I am very sorry as I know you have worked hard but I cannot rate this as a satisfactory service. You seem to be viewing this as a debate rather than providing me with information. In my last message I was simply trying to confirm whether that despite the benefits of lower tax on profits and capital gain that an ltd would bring, I would still be liable for extra taxes when I took money out of the company in the form of income or dividends. If this is true, it would seem an issue as it would be an extra tax which you haven't mentioned.
Expert:  taxadvisor.uk replied 3 years ago.
Iain, thank you for your reply.

I am not viewing this as a debate but answering your question with explanations ..

I have already covered all expects of tax covering income and dividends ..
see answer sent yesterday at 12:31

"The net profit from rental income is chargeable to tax every year and what you do to profit after tax is your choice.

You pay IT or CT against the profits from rental income and this will be year on year.

You can draw the monies against original capital invested or retain the funds for reinvestement etc. This is already taxed money i.e it is distribution of taxed profits.

In summary
- pay tax on rental income every year provided you retain the commercial property and it is earning rental income - taxed either IT or CT
- draw money from taxed profits to repay initial investment as and when finances allow...this is non taxable. "

also my answer at 12:50

Rental income
This is a revenue item and is chargeable to IT or CT.
You file a tax return every year and report what the profit from rental income is.
Net cash after tax is available for distribution... you can either take money out of the bank account or retain it. You will not be taxed on the withdrawal."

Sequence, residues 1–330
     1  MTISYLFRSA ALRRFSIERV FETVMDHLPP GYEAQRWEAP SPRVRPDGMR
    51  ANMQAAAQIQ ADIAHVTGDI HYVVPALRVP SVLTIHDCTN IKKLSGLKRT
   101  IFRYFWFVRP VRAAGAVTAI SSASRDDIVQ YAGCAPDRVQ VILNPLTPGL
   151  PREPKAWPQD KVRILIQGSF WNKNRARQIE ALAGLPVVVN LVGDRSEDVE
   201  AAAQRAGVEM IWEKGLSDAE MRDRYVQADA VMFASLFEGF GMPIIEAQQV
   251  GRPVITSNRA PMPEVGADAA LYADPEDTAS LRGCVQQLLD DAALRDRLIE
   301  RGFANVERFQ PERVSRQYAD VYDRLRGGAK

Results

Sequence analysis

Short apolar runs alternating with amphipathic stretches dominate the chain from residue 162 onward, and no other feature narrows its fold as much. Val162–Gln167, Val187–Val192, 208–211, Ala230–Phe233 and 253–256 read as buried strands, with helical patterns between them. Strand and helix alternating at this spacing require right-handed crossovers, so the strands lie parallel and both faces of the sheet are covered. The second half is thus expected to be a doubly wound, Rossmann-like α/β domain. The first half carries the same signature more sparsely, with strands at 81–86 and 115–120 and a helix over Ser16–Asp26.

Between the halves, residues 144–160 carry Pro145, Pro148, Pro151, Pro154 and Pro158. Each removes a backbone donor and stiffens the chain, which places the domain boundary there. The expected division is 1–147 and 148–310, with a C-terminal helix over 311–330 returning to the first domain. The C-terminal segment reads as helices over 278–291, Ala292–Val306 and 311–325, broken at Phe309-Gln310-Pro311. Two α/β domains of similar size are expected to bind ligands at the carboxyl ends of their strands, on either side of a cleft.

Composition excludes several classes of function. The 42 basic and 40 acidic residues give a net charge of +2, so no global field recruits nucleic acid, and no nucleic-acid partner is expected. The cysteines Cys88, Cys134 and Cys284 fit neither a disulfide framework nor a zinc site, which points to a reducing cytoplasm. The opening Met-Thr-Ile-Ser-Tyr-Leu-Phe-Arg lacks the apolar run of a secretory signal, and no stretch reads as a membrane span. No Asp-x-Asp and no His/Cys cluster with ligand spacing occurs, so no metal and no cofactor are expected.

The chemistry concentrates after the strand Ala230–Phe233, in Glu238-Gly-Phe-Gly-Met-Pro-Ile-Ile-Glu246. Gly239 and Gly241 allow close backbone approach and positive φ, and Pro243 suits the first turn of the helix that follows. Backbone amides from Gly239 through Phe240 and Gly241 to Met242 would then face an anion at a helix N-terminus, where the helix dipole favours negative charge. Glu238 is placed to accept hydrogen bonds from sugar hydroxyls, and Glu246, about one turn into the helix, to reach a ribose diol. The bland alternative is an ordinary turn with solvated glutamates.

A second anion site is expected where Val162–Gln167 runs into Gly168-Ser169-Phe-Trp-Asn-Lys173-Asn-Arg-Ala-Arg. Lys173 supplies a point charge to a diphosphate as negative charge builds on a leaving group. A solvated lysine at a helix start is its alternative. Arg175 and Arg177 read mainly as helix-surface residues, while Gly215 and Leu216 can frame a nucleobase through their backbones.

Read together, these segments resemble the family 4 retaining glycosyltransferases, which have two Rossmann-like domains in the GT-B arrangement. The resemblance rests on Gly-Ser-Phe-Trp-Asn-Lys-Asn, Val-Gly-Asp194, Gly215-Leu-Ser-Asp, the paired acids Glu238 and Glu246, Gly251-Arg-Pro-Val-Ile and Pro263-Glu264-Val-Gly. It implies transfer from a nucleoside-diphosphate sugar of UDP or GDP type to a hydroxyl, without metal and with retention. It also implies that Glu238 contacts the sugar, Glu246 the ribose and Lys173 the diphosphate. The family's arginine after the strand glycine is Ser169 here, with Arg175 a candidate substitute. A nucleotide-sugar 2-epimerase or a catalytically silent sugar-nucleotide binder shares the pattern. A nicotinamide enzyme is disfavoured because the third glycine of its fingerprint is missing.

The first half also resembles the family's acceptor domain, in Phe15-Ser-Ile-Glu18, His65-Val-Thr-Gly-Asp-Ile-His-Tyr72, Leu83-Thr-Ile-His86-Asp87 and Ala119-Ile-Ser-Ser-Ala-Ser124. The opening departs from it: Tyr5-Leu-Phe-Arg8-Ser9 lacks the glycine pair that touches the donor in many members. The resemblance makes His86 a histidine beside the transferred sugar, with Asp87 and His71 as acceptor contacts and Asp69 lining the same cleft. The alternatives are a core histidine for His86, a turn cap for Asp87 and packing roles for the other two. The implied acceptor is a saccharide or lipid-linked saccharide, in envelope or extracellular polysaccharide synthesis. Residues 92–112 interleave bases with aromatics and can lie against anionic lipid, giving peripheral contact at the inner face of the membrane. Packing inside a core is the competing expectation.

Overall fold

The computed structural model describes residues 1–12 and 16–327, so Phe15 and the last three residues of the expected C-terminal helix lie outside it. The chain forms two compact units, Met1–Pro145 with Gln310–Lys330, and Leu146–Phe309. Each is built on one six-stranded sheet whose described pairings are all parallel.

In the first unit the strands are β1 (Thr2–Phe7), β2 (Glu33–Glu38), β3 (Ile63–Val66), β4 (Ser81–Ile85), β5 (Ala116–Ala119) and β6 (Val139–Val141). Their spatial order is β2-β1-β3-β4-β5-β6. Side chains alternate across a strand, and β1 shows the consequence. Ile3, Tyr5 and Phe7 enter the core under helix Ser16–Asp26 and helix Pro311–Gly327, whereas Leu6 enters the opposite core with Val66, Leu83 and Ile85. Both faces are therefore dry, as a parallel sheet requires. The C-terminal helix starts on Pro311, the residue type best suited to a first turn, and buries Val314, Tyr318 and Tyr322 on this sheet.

You have the option to take money out of the company as repayment of initial capital invested and that would be tax free.

I even gave example showing tax comparison
see answer at 18:11

"Tax benefits of forming a company

Corporation tax rate 20% - profits up to £300k
capital gains are taxed at CT rate - 20% (although you don't get annual gains allowance of £10,900)
say the chargeable gain is £50k
CT at 20% = £10,000
CGT (50,000-10,900) at 28% = £10,948 (you are higher rate tax payer)

Retained profits can be taken as repayment of initial capital introduction whereas profits from rental income taxed at marginal rate of personal tax if self employed."

Which ever route you take the rental income will attract extra tax and you pay that every year when completing your tax return and I have stated that before.

I don't see how you consider this not to be satisfactory service.

I hope this is helpful and answers your question.

Expert:  taxadvisor.uk replied 3 years ago.
Iain, if you can't rate this as satisfactory service then I request you not to rate it at all.

I will happily opt out because I believe I have answered all questions raised by you.

Please advise.

Many thanks
Customer: replied 3 years ago.
OK, I am very sorry but in that case it is better you opt out. I think perhaps where we may be going wrong is that we are talking about two things interchangeably, but neither of us is making it clear which one we are taking about. The two things being taking money out of the company when it is repayment of invested capital (no extra tax to pay after CT) and taking money out of the company when it is just a salary or dividends (CT tax to pay and then an additional tax on the dividends). But, like I said, I am not 100% sure this is the case as I cannot get you to confirm it. Many thanks for your time and sorry again it didn't work out.
Expert:  taxadvisor.uk replied 3 years ago.
Thank you